One of the important chipping tips I discovered is to keep my head still. Not down, but still. There is huge difference between the two and I will expand on that later. Making solid contact in the middle of my club face is always my goal. And over the years I have tinkered many different stances, grips, head positions, and ball positions. Yet, my successes continue to be hinged on one important swing trait: keeping my head still.
Before discussing my aspects of keeping my head still, I want to debunk the thoughts of keeping our head down. This statement is often misleading because by forcing my head down it generally pushes my posture out of position. I find that if I focus on keeping my head down, my eyes are not in position or alignment over the ball. Hence, rarely make proper contact when focused on keeping my head down.
Keeping my head still is another matter. It is the key getting up and down more often than not. The premise for my successful chipping tip is to place myself in the proper position with my eyes in a position half way between my feet and the ball parallel with my aim line. The reason I say to set up my eyes parallel to my aim line is because my ball position changes when I chip.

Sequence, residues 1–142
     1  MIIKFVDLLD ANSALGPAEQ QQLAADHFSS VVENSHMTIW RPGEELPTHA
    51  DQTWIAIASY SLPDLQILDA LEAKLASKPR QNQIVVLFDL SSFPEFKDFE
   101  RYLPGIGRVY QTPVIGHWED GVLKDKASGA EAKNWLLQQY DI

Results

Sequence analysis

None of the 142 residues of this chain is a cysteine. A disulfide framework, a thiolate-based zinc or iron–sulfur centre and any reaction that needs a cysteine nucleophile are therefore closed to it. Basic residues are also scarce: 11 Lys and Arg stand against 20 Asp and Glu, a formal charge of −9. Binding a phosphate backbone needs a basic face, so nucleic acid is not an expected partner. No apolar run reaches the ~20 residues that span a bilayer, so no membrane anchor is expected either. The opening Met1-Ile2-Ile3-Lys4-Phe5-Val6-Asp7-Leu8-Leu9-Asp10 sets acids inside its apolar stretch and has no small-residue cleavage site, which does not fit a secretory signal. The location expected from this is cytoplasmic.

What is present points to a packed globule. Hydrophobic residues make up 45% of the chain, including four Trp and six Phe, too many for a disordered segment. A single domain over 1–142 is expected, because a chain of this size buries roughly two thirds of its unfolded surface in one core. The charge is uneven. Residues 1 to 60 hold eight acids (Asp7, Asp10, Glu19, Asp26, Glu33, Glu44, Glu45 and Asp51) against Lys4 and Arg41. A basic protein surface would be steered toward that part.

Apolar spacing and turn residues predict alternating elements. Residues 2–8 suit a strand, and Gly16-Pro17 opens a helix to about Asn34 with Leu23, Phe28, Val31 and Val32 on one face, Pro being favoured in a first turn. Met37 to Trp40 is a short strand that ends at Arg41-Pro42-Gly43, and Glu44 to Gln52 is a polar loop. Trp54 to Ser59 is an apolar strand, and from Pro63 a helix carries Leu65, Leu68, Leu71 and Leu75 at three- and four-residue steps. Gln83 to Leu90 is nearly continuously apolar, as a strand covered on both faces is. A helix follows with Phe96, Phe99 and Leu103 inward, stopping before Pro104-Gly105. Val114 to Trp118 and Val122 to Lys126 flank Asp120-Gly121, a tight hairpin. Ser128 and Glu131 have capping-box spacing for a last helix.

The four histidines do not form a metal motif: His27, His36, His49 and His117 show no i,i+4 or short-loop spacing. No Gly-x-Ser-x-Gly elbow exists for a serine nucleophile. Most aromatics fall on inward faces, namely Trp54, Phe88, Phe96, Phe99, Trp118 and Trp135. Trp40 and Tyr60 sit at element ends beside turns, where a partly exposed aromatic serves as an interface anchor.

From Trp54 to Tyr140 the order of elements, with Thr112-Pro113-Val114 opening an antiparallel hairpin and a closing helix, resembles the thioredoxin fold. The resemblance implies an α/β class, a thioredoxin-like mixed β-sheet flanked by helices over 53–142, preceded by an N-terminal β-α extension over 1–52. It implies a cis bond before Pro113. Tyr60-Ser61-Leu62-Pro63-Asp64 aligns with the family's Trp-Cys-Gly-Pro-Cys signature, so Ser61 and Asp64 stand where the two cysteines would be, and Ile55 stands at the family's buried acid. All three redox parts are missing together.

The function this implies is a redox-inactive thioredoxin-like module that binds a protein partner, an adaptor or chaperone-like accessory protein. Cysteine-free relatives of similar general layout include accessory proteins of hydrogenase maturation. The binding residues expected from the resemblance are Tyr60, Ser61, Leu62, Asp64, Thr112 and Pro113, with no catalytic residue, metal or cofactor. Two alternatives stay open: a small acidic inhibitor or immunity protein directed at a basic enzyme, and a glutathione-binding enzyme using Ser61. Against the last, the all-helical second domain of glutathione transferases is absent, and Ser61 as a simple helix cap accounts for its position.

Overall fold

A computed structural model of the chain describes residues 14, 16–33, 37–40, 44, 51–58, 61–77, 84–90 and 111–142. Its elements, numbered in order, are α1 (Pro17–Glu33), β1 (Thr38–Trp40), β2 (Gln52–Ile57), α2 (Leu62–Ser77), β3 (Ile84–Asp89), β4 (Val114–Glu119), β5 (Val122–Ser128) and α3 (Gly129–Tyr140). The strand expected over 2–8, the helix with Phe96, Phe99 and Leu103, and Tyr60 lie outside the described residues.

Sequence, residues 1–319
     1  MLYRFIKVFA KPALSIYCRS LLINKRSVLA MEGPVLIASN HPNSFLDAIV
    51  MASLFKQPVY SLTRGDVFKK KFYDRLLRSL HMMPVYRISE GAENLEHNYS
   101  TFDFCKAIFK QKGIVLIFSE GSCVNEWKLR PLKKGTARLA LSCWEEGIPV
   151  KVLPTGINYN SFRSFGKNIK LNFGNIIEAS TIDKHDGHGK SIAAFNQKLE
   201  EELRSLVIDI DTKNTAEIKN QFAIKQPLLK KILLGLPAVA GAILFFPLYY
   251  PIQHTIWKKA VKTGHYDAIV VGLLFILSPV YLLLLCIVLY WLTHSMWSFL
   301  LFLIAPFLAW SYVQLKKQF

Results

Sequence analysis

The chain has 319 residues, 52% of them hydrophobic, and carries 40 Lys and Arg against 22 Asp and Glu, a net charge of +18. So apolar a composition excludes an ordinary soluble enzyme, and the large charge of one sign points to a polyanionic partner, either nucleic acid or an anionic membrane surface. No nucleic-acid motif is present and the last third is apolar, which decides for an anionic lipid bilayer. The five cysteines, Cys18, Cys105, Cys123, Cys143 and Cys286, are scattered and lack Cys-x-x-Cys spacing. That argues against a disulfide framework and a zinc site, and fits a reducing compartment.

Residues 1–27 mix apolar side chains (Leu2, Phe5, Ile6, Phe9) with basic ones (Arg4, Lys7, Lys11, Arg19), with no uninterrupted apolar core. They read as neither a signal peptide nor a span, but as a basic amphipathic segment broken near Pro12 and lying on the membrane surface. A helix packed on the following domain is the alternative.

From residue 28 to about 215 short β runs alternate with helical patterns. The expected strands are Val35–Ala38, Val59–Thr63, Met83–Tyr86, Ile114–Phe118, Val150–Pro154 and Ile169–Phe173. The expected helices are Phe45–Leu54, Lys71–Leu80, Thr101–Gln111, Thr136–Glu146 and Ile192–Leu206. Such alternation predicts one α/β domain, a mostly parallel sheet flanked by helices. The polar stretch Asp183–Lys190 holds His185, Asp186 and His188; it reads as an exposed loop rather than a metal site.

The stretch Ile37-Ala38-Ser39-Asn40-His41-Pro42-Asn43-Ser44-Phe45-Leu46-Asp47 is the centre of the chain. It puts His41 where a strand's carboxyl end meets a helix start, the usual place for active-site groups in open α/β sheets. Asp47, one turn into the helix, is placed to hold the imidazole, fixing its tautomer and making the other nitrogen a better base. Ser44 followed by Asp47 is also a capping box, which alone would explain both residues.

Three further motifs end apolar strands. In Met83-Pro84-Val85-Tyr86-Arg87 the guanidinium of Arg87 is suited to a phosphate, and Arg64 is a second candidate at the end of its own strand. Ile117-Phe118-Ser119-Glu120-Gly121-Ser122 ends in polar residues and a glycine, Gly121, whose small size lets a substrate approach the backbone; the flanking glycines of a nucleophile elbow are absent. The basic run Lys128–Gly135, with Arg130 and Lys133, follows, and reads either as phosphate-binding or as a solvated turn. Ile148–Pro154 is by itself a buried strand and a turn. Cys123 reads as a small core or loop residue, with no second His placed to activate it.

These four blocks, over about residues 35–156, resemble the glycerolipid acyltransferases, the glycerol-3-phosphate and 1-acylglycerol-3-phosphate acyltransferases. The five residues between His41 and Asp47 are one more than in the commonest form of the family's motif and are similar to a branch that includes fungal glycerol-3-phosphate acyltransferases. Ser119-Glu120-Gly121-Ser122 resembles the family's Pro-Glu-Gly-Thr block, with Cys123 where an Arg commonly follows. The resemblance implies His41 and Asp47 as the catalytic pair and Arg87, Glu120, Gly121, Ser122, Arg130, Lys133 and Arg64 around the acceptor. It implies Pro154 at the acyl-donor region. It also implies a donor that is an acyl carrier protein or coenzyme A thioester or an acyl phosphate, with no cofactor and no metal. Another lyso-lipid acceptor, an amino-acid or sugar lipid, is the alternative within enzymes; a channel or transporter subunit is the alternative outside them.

The intent during every chip is to keep my head still. I try to watch contact and hold my head in the at position for a count of one. Make no mistake, I try to keep my head still, but it does sway slightly to allow for the free movement of my arms and shoulders. I can feel my movement the proper movement of finishing position as my right shoulder forces my head to follow the ball flight.
When I do not feel my right shoulder against my chin, then I know I was not keeping my head still. Generally, my error is that I look to fast after my ball and it pulls my body out of position. Hence, I pull the ball off line to the left. This is a known, unfortunately repeated, fault in my short game. I try to focus on keeping my head still as often as I can, yet sometimes I just have to look. You can imagine what the results are.
Keeping my head still allows me to effectively chip with success. It allows my body to stay in the proper position longer, thus aiding the completion of my swing. It is a fundamental (stealing Jack Nicklaus’ word) and core tenet to making solid and consistent contact. When I can do this, only good things happen with my short game.
I am a grateful golfer! See you on the links!